A professor of international relations at Peking University, Jia Qingguo, recently observed that the aggressive interactions between Taipei, Beijing, and Washington were like the formation of “a perfect storm.”
On China’s National Day, 25 Chinese war planes flew into Taiwanese airspace and Taiwan immediately scrambled jets. The United States and the United Kingdom had three aircraft carriers with destroyer escorts in the nearby Philippine Sea awaiting orders.
Then 10 days later, on Taiwan’s National Day, China’s Xi Jinping vowed “to fulfill reunification.” Many believe that seizing Taiwan would be a major achievement in solidifying his legacy, before beginning his presumed third term of leadership in 2022.
Taiwan President Tsai Ing-wen responded by telling the Taiwanese people, “We will not bow to Beijing pressure.” U.S. national security adviser Jake Sullivan told the BBC that the United States would “stand up and speak out” over Chinese aggression across the Taiwan Strait.
The Chinese Communist Party (CCP) claims that Taiwan belongs to China and should be reunited with the mainland, and has not renounced the use of force to bring Taiwan into the fold. Taiwan is prepared to defend itself. And the U.S. Navy is standing by, ready for action—although it is unclear if the United States would enter the fight. This three-way dynamic could easily determine the future of the globe.
Taiwan sees itself as a country. The Chinese regime sees it as a renegade province. The United States has no official opinion, but it is committed to providing the self-ruled island with military aid to prevent forced annexation by the CCP. And Beijing sees U.S. support of Taiwan as meddling in its internal affairs. Most experts agree that a declaration of independence by Taiwan, or a recognition of Taiwan independence by the United States, would trigger a war with China.
When Tsai, of the Democratic Progressive Party (DPP), won Taiwan’s 2020 presidential election in a landslide, the people of both Taiwan and Hong Kong cheered. The United States sent messages of congratulations. Then-President Donald Trump even phoned President Tsai, the first such call between the leaders of the two countries in decades.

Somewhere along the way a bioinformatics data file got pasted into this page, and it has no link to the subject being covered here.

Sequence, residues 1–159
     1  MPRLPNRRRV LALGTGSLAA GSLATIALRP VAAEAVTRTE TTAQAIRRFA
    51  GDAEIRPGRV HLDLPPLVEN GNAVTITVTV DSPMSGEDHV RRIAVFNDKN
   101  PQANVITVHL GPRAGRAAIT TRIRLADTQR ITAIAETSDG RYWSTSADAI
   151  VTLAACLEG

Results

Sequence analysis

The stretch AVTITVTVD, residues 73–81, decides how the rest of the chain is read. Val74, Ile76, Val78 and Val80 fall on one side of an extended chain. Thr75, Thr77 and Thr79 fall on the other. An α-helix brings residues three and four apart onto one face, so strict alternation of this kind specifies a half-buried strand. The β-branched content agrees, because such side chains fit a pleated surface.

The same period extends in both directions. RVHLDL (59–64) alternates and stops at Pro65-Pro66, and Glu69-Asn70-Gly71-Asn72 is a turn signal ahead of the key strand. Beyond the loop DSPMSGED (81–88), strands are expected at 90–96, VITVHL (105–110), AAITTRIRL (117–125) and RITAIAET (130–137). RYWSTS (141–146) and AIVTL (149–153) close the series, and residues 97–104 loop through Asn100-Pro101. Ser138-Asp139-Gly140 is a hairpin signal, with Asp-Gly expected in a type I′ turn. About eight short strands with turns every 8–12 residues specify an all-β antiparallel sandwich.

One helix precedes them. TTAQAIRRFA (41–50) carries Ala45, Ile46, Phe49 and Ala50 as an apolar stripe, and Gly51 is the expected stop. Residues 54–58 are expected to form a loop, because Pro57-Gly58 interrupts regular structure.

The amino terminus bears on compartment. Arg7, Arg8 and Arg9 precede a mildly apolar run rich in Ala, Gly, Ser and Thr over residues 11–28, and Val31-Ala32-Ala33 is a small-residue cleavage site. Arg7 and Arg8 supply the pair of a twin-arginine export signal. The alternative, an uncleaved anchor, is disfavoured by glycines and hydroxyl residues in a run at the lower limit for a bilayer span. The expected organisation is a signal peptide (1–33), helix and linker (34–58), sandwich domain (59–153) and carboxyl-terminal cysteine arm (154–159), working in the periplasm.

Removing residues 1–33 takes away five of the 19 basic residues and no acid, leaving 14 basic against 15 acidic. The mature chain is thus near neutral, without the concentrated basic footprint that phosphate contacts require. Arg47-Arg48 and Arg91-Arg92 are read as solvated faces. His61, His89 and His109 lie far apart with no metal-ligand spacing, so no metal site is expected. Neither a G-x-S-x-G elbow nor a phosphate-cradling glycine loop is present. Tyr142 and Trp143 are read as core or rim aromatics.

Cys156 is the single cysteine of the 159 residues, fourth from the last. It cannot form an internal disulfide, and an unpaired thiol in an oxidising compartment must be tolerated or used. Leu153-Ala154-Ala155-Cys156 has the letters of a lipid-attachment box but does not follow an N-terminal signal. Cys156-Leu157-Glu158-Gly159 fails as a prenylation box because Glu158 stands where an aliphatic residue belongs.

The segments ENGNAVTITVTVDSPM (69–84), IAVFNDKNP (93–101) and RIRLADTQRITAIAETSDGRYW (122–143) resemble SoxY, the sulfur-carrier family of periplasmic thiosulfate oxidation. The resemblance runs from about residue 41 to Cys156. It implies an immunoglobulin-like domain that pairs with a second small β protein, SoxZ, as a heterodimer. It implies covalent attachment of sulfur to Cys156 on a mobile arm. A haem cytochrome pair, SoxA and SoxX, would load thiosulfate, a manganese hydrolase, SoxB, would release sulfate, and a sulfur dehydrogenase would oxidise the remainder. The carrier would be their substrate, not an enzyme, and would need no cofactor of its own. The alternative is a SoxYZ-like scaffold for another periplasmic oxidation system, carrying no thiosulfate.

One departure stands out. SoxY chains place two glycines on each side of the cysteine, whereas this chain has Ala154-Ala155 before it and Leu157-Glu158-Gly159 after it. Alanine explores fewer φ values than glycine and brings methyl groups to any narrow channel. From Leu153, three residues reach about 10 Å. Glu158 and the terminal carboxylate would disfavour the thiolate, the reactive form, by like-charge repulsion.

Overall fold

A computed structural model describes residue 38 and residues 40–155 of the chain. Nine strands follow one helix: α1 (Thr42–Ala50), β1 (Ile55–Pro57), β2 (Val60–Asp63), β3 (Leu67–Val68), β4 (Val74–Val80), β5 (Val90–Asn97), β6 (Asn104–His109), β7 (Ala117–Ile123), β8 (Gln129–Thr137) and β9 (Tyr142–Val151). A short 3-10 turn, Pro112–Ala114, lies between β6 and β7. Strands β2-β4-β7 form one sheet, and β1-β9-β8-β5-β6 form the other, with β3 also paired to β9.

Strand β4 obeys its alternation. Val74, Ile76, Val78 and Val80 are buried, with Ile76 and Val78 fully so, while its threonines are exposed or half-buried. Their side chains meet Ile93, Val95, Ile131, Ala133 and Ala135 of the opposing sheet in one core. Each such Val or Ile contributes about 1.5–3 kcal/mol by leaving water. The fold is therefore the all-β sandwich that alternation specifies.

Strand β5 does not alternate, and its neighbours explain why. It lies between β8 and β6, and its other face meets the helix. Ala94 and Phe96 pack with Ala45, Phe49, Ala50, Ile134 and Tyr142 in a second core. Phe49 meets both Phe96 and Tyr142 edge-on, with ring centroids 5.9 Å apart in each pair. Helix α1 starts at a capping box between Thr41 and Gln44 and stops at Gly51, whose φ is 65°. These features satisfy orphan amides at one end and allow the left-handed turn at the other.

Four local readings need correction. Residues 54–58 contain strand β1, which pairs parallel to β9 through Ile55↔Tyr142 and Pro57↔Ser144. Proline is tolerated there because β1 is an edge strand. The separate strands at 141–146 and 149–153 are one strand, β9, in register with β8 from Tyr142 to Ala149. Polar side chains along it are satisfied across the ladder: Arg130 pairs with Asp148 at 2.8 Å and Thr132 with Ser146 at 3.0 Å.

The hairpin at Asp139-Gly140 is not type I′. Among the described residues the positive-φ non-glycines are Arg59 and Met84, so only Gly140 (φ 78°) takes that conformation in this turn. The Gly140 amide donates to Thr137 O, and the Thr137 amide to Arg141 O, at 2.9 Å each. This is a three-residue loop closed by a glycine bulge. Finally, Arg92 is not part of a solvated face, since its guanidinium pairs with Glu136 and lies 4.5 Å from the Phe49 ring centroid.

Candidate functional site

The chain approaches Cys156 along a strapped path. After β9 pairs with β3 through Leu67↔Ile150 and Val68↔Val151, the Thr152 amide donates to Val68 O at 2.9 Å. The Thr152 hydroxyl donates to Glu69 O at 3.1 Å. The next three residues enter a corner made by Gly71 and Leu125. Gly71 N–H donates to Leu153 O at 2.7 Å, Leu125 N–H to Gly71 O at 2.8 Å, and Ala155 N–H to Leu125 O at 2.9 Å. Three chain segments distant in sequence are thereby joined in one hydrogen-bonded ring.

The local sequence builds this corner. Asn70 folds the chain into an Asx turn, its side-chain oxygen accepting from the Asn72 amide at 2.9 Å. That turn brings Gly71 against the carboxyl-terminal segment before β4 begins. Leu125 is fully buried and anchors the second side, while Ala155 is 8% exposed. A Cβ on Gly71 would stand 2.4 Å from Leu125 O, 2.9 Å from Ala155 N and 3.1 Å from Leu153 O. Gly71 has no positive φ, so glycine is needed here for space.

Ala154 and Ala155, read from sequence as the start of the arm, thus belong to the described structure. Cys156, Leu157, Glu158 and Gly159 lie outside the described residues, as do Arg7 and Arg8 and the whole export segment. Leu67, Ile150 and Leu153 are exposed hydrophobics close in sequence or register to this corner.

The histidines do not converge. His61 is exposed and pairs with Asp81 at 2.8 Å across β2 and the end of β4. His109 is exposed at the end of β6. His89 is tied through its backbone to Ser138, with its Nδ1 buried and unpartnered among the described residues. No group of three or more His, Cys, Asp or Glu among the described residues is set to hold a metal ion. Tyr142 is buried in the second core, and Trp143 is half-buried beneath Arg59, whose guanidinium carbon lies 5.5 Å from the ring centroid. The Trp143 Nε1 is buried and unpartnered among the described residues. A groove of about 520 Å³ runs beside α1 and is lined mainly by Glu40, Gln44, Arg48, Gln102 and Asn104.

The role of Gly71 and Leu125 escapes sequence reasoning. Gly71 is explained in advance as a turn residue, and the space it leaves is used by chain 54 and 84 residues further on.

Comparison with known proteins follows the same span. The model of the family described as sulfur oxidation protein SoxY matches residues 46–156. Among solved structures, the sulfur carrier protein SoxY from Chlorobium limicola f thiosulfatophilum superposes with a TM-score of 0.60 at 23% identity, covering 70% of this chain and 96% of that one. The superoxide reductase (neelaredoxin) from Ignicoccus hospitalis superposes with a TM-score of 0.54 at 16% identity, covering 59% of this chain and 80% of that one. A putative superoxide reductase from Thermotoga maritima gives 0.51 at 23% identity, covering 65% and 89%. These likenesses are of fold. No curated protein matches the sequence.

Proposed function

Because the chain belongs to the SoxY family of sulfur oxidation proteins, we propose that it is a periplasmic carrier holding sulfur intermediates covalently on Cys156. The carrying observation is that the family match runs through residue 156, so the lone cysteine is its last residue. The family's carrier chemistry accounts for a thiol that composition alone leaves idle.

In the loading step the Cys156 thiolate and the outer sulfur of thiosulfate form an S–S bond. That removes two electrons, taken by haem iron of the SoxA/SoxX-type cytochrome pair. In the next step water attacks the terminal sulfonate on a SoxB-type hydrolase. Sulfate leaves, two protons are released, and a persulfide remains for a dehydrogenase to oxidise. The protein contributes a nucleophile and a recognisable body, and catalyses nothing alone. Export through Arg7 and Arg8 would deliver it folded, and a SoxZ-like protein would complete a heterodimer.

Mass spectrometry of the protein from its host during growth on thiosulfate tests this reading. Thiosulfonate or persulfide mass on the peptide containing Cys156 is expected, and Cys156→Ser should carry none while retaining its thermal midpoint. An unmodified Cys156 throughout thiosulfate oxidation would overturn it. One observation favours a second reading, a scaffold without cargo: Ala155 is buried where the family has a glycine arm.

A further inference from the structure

The CCP complained and said, “China expresses strong indignation and condemnation over such moves,” according to state-run media Xinhua. Beijing called the congratulatory message “a severe violation of the one-China policy … and a serious interference in China’s internal affairs,” the report said.
China’s People’s Liberation Army (PLA) frequently violate Taiwan’s air and sea space, and carries out acts of intimidation that is meant to discourage movements toward independence. These tactics have become more aggressive since the election, with the CCP issuing an official statement, saying that Beijing would take Taiwan by any means possible, including force, under China’s Anti-Secession Law.
After the close of World War II, the Chinese Civil War that had started in 1927 resumed, pitting the nationalist Kuomintang (KMT), under Chiang Kai-shek, against the Chinese Communist Party, led by Mao Zedong. In 1949, the communists won, driving Chiang and about 2 million refugees and soldiers from his nationalist army to flee to the island of Formosa (Taiwan). They established a temporary capital for the Republic of China (ROC, Taiwan’s official name) in Taipei, vowing to re-establish themselves as the government of mainland China.